Two weeks ago, Desmond King walked through the halls of his high school believing he'd be playing college football at Ball State. He entered his coach's office and things changed.
Sitting in front of King was Iowa defensive coordinator Phil Parker. The Hawkeyes wanted him to visit.
"It was amazing to see him in the office," King said. "I had a good feeling that something was going to happen."
King officially visited Iowa this weekend. Saturday, he sat in in head coach Kirk Ferentz's office.
"He asked how I would feel starting as a true freshman," King said. "I just told him that I wanted to contribute to the program as soon as possible. He said I had an offer. I had breakfast at his house (Sunday) morning and I committed."
Iowa had been recruiting King before he verbally committed to Ball State in July. He was believed to be their 16th verbal pledge in the '13 class, which can sign letters of intent beginning on Feb. 6.
"I wanted to focus on my season without any media or questions about where I was going," King said of his early Ball State pledge. "I didn't want to put pressure on myself to keep thinking about it during my senior year."
Scout.com ranks King as a three-star recruit on it's five-star scale. The service pegs him as the No. 55 cornerback nationally in the class of '13.
"Ask around the state (of Michigan) and people will tell you Desmond King is one of the best pure football players around," Scout.com's Allen Trieu tweeted.
The 5-foot-11, 180-pound King played this fall for East English Valley in the Detroit Public League. The program resulted from a consolidation with Crockett Vocational, where he attends high school.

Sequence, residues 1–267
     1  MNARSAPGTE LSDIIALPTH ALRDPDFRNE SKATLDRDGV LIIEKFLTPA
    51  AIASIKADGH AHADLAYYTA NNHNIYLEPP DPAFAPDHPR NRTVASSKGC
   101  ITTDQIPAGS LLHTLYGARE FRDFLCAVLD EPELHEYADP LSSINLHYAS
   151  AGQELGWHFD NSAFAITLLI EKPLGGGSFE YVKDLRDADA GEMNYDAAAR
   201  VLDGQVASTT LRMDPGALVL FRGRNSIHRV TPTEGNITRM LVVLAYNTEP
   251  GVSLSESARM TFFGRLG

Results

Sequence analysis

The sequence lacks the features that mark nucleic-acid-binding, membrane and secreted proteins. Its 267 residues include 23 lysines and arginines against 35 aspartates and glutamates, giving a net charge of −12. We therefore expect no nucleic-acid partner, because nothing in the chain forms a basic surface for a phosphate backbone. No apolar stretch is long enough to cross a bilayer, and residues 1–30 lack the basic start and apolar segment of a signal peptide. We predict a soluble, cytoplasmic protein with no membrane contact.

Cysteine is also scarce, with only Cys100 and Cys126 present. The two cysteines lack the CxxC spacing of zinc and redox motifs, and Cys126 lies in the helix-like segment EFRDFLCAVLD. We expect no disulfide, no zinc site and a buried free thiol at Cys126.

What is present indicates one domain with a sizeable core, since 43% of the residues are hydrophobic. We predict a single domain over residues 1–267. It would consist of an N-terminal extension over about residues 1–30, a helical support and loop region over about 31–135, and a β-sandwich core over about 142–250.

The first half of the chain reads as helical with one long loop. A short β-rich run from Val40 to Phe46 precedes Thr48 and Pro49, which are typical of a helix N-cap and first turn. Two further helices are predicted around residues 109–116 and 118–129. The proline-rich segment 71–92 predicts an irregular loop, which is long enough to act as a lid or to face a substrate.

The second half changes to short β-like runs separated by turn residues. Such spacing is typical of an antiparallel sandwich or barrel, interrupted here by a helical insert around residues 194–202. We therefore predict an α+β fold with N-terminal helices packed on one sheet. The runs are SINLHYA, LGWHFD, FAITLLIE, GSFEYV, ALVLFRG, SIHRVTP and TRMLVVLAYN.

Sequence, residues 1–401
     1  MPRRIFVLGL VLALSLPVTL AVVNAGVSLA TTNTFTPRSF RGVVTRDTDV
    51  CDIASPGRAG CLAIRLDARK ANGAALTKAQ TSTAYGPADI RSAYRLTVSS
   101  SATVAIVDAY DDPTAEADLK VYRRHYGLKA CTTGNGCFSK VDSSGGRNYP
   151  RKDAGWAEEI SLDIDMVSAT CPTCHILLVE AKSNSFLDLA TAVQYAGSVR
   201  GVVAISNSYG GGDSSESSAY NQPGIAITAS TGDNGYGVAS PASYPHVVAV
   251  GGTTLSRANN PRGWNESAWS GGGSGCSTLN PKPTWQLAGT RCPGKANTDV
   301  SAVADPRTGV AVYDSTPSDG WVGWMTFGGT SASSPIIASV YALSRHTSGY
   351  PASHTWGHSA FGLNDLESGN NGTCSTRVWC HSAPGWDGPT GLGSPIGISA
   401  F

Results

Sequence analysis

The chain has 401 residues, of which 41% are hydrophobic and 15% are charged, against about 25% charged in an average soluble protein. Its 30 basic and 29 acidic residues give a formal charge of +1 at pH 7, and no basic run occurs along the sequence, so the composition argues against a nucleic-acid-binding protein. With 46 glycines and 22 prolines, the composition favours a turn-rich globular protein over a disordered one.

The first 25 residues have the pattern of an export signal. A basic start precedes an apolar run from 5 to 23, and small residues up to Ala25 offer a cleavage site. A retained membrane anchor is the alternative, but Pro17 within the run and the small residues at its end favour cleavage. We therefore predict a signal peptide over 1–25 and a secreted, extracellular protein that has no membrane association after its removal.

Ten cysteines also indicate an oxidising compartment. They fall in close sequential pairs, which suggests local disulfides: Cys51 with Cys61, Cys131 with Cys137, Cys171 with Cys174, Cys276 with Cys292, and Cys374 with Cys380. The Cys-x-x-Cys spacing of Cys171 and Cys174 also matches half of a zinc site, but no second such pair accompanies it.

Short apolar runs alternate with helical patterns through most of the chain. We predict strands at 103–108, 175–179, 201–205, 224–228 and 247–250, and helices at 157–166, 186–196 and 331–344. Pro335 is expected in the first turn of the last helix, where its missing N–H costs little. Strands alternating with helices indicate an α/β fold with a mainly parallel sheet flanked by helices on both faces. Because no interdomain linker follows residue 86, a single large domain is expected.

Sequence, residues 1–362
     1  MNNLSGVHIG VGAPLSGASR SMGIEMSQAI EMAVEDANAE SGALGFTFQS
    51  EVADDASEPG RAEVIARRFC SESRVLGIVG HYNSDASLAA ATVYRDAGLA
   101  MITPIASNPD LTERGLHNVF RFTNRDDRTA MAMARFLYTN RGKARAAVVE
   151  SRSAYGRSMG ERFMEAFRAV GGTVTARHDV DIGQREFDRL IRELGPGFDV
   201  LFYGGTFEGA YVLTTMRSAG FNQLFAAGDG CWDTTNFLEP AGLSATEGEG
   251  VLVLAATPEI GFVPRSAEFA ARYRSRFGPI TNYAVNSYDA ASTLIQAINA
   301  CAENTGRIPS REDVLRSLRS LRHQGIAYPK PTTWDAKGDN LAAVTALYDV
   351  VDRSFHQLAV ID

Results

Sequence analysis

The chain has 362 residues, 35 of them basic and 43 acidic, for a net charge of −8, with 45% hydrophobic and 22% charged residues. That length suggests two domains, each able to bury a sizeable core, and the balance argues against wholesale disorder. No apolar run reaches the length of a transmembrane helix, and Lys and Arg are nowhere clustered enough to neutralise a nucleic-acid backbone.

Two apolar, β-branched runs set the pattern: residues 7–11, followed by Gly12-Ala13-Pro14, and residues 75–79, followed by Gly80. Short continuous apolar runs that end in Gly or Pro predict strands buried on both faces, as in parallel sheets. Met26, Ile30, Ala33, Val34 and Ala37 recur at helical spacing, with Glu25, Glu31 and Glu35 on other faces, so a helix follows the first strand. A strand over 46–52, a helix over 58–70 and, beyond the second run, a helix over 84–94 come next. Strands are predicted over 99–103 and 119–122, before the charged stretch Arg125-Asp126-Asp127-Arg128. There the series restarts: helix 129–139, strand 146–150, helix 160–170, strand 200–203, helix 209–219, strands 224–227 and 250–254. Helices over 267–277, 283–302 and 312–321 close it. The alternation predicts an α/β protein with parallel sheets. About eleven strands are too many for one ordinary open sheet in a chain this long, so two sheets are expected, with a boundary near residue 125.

One of Crockett/East English Valley's main rivals in the DPL has been Cass Tech. An alumnus from that school, Ruben Lile, played host to King on his Iowa visit.
"I played against him since I can remember, since little league," King said of Lile. "He told me that there is no professional team there. Iowa is the professional team. People will be trying to get your autograph and talking to you a lot. He just said that you have to stay focused and on top of your game."
Lile and King could find themselves in the same college secondary. The latter is being viewed by Hawkeye coaches as a cornerback despite rushing for more than 2,000 yards last season from his running back position.
"That's my dream. I have been wanting to play corner forever," said King, who also picked off 29 passes in his prep career. "People have been saying that I'm good at running back but I'm a defensive guy. I like contact. I'm tough. I wanted to play defensive for a Big Ten school and my dream came true."
King, who wants to study broadcast journalism in college, knew Iowa was the place for him as the weekend progressed.
"It's like family there," he said. "It's a home. It's somewhere where I can be comfortable and make friends."
King also could make a difference on the field as soon as this fall.
"I think it's going to happen because (Ferentz) mentioned it without me even bringing it up," he said. "He just came out of the blue with it. He said if I show I can play it, then I can if I want to."